number agreement is not, in fact, involved. ative and passive morphemes are heads
Another illustration, encountered in large which can incorporate their complements. In
numbers of languages can be cited schemati- (58a), the causative head incorporates the
cally. In a language with both passive and verb stem, then this complex verb base is in-
causative constructions we often find that it corporated by the passive morpheme. In
is possible to derive verbs of the form (58a) (58b) the opposite order is followed. Baker
or (58b): includes evidence from Bantu languages to

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330 V. Die Rolle der Morphologie in Grammatik und Lexikon

support this thesis. However, Hyman & niceties of morphological structure seriously
Mchombo (1992) offer examples in which undermines the program to reduce inflection
some morphemes are doubled (violating the to syntax.
strict interpretation of the principle) as well There are other problems with morpheme
as cases in which morphemes simply occur in ordering and the Full Functional Projection
the ‘wrong’ order. Hypothesis. First, the principle would pre-
Baker (1988 a: 487f., fn. 39) points out that sumably rule out a situation in which subjects
his theory can derive the Mirror Principle were syntactically external to the verb phrase,
without stipulation but only in the case of and in which a verb agreed with both its sub-
valency changing. It does not follow auto- ject and its object and in which the subject
matically in the case of agreement (or, in- marker appeared closer to the verb stem than
deed, other types of inflectional morphology, the object marker. In other words, structures
such as case marking, tense/aspect/mood such as the following should be excluded:
marking and so on). However, in the theory [OBJ [SUBJ [verb]]] or [[[verb] SUBJ] OBJ],
of verbal inflection and agreement proposed with the (possible) exception of cases in
by Pollock (1989) each (verbal) inflectional which the subject appears closer to the verb
formative or functional category is regarded in the syntax (e.g. in which the word order
as a syntactic head, each licensing its own is OSV or VSO). It is fairly rare for subject
phrasal projection. Inflected words are con- markers to be internal to object markers,
structed by a process of head-to-head move- though this is found for instance in Adigei, a
ment. Thus, in a language in which a finite language of the North Caucasus. Embarrass-
verb receives, say, a tense suffix followed by ingly for the Mirror Principle, the affix order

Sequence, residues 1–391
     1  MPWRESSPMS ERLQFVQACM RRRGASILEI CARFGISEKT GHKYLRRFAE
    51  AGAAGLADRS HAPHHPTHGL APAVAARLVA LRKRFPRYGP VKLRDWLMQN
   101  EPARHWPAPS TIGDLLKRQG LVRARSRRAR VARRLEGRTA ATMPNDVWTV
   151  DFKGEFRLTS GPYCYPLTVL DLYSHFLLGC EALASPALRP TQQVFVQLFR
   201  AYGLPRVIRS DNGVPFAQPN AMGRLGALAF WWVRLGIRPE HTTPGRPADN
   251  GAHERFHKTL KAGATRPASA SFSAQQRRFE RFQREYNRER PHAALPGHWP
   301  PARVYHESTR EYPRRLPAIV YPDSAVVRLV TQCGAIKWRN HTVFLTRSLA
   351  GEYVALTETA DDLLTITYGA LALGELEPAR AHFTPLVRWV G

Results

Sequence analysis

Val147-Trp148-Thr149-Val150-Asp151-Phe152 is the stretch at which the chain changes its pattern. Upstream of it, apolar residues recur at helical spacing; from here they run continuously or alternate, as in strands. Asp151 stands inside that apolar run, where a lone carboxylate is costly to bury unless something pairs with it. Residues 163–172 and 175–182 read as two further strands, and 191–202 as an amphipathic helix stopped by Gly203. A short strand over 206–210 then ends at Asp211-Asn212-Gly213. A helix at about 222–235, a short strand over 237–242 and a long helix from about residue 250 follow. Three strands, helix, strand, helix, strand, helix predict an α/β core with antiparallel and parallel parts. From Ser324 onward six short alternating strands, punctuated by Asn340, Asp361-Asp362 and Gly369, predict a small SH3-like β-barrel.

an agreement suffix the inflected verb form is [OBJ [… [SUBJ [… [verb]]]]] is found in Nav-
generated by first incorporating the verb root ajo, and this language maintains a rather
into the tense head, and then incorporating strict SOV word order.
this composite into the agreement head. For Another problem is discussed in detail in
instance, we might generate the Italian verb Spencer (1993) and concerns nominal inflec-
form parlavo ‘I was speaking’ from [-o [-av- tion. Presumably possessive agreement mark-
[parl-]]] via [-o [[parl-av] [t]]] and [[[parl-av]-o] t ers are attached within the nominal syntagma
[t]]], where t stands for the trace of the moved itself, since they express a dependency be-
constituent. Under these assumptions, inflec- tween phrases contained entirely within that
tion must then obey the Mirror Principle (see syntagma. Case marking of the syntagma as
Ohalla 1990 for explicit discussion of Berber a whole, however, must presumably follow
and Turkish verb inflection from this point of such phrase-internal inflection. This implies
view). In its strongest form, this thesis would that where possession and case marking ap-
claim that any inflectional formative must be pear as inflections on the head noun, the
a syntactic head (this is referred to as the morpheme order must be (for suffixation)
‘Full Functional Projection Hypothesis’ in [[[noun] POSS] CASE]. This is found in lan-
Spencer 1993). guages such as Hungarian and Turkish.
However, in inflectional morphology, re- However, in Finnish, together with the Sa-
plete as it is with cumulations, fusions, and moyed languages, Saami (Lappish), and
total suppletions, it is clear that the Mirror Mordvinian exactly the opposite order is